Thursday 8 December 2016

Europe still on course despite Westwood blow

Published 04/10/2010 | 13:58

The USA's Steve Stricker, right, shakes hands with Lee Westwood on the 17th green after winning their singles match. Photo: Reuters
The USA's Steve Stricker, right, shakes hands with Lee Westwood on the 17th green after winning their singles match. Photo: Reuters

Steve Stricker struck a blow for the United States by beating European talisman Lee Westwood as the 38th Ryder Cup began building towards its climax at Celtic Manor.

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Stricker, in company with Tiger Woods, was on the receiving end of a 6&5 foursomes drubbing by Westwood and Luke Donald yesterday.

But he exacted revenge with a 2&1 victory, cutting Europe's overnight lead to 9 1/2 - 8 1/2 after Dustin Johnson had crushed Martin Kaymer 6&4 seconds earlier.

Westwood, who had risen to world number two before play started, was undone by Stricker's tenacity and accurate putting when it mattered.

USPGA champion Kaymer was no match for a fired-up Johnson, never making an impression on the contest.

The overall picture behind them though, still looked good for Europe in pursuit of the five points they needed to regain a trophy they lost in Louisville, Kentucky two years ago.

Ian Poulter beat Matt Kuchar 5&4, chipping in for an eagle on 12 en route, while Donald was two up on £7million FedEx Cup winner Jim Furyk after 14 and US Open champion Graeme McDowell was three up on a hapless Hunter Mahan through seven.

Ross Fisher and Miguel Angel Jimenez, meanwhile, held leads in their matches, with Francesco Molinari level with Woods after nine, and his brother Edoardo leading Rickie Fowler by one.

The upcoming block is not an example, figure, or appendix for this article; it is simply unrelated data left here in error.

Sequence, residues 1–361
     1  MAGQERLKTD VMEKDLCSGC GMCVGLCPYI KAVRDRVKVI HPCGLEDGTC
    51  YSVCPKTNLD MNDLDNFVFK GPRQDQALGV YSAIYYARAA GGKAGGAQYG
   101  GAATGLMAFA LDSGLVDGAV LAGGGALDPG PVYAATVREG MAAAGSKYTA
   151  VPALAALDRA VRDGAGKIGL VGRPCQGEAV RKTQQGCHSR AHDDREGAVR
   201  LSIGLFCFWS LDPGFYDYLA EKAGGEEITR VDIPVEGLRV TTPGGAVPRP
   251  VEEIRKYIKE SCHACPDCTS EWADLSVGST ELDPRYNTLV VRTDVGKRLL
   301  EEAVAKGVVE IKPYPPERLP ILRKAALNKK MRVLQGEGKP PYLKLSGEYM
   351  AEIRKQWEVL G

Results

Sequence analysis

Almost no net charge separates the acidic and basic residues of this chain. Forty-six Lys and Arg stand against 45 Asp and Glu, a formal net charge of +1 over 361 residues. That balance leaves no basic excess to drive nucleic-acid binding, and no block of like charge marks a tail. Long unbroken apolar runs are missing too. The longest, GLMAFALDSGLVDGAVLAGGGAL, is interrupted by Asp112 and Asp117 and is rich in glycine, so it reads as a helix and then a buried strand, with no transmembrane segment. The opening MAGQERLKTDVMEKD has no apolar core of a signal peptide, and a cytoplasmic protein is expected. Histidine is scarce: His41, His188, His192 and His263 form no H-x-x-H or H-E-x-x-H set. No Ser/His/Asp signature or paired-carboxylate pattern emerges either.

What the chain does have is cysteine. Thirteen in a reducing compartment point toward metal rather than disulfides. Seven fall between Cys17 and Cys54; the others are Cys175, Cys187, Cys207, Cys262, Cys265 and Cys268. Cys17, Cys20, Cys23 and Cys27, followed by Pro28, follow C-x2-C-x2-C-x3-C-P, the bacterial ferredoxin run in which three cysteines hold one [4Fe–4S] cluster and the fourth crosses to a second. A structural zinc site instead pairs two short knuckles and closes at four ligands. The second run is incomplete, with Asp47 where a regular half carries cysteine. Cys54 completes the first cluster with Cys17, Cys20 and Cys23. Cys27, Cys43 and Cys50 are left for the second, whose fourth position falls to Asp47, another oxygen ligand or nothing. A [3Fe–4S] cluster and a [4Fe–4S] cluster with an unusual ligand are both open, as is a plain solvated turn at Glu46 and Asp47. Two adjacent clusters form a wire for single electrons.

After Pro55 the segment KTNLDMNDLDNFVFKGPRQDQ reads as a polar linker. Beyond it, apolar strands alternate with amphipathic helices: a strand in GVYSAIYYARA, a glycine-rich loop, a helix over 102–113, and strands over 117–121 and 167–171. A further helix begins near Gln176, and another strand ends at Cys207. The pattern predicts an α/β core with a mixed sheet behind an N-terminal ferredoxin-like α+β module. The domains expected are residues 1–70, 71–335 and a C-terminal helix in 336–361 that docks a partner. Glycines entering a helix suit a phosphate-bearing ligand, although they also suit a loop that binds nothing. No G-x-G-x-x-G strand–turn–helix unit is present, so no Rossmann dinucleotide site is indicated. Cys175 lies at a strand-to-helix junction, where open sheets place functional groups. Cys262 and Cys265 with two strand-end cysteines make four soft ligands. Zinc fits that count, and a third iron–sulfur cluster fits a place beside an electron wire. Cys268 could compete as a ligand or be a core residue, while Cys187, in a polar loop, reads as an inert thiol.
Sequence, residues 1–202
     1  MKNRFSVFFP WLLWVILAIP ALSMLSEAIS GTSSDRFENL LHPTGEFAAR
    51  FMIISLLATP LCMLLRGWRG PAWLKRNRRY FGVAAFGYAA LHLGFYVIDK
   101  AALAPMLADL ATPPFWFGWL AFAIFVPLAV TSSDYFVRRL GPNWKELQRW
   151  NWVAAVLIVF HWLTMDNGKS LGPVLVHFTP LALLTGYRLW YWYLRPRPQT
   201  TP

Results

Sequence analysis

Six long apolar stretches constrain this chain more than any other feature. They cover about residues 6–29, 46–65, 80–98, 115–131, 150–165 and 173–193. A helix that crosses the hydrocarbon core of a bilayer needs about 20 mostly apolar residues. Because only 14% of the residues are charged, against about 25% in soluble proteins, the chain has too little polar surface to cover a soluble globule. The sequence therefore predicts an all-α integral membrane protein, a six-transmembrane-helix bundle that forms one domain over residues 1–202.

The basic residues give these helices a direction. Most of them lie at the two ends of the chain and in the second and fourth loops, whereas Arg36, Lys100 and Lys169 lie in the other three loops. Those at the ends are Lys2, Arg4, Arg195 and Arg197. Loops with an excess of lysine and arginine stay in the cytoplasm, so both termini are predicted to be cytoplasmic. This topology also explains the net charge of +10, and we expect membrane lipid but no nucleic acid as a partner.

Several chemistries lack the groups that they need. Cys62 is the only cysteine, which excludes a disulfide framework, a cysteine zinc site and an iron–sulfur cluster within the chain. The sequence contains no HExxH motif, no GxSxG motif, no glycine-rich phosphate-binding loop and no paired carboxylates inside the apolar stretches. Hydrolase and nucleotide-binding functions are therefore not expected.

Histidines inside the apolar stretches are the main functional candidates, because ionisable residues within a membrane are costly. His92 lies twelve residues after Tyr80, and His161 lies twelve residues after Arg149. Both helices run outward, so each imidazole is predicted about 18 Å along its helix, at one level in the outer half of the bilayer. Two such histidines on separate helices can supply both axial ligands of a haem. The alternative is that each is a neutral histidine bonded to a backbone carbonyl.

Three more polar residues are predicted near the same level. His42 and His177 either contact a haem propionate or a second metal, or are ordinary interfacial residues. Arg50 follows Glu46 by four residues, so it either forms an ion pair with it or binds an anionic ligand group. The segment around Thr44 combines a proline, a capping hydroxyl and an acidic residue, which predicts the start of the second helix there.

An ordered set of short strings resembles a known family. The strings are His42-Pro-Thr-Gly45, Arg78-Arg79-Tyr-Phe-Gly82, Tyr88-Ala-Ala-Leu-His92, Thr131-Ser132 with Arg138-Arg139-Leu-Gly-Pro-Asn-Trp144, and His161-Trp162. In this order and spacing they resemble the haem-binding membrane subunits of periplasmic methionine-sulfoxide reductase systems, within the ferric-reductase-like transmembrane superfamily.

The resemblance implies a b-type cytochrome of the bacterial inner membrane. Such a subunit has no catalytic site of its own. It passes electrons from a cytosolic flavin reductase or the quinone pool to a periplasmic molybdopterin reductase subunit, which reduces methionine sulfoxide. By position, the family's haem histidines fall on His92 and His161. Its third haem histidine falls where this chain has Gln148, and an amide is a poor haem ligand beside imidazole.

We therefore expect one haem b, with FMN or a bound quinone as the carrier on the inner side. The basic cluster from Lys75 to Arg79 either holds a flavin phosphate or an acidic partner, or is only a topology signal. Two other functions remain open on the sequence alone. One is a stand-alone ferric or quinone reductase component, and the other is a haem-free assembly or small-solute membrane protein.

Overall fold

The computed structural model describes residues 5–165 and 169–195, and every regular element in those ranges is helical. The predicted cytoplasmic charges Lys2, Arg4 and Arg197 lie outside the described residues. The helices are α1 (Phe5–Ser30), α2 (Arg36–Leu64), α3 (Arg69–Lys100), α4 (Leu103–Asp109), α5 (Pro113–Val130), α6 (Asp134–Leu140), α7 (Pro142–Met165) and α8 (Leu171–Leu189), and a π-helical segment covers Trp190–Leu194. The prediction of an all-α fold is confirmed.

Despite Monday play in a Ryder Cup for the first time - a legacy of 13 hours being lost to rain on Friday and Sunday - huge crowds thronged the course in glorious autumnal sunshine.

Poulter dominated the match throughout, and a clenched-fist salute accompanied his ruthless triumph that took Europe just four short of the required winning total.

"It's massive," said Poulter. "Matt had been unbeaten in his matches so far, so I knew it was going to be a tough game.

"Every single putt we hole out there is like a tournament victory. It's simply incredible.

"I love team golf, I love match play and I love competing."

A pulsating contest between European Ryder Cup rookie Rory McIlroy and former Open champion Stewart Cink, meanwhile, moved down the 18th all square.

The lead had changed hands several times, and with Cink on the green in three, McIlroy needed to get close from a right-hand bunker.

But his shot went on to the fringe of the green, then rolled back into the bunker, handing Cink a chance for the match from 15 feet.

He sent it agonisingly wide from an American perspective, leaving McIlroy with a five-footer to tie the match, and he kept his nerve as Europe led 11-9 with four games completed.

McIlroy, who once described the Ryder Cup as an exhibition match, offered a totally different view after completing his debut experience.

"This is the best event in golf by far," he said.

"I thought we both played very well, and a half was probably what we both deserved."

Donald then opened up a three-point advantage for Europe at 12-9. Furyk found a bunker on 18, leaving Donald with two putts to win, and he closed out the victory by one hole.

"I knew Jim would be tough, and he put some pressure on me at the end. I was glad to get a point," said Donald.

"The match is tight, but we have still got some good leads in matches behind."

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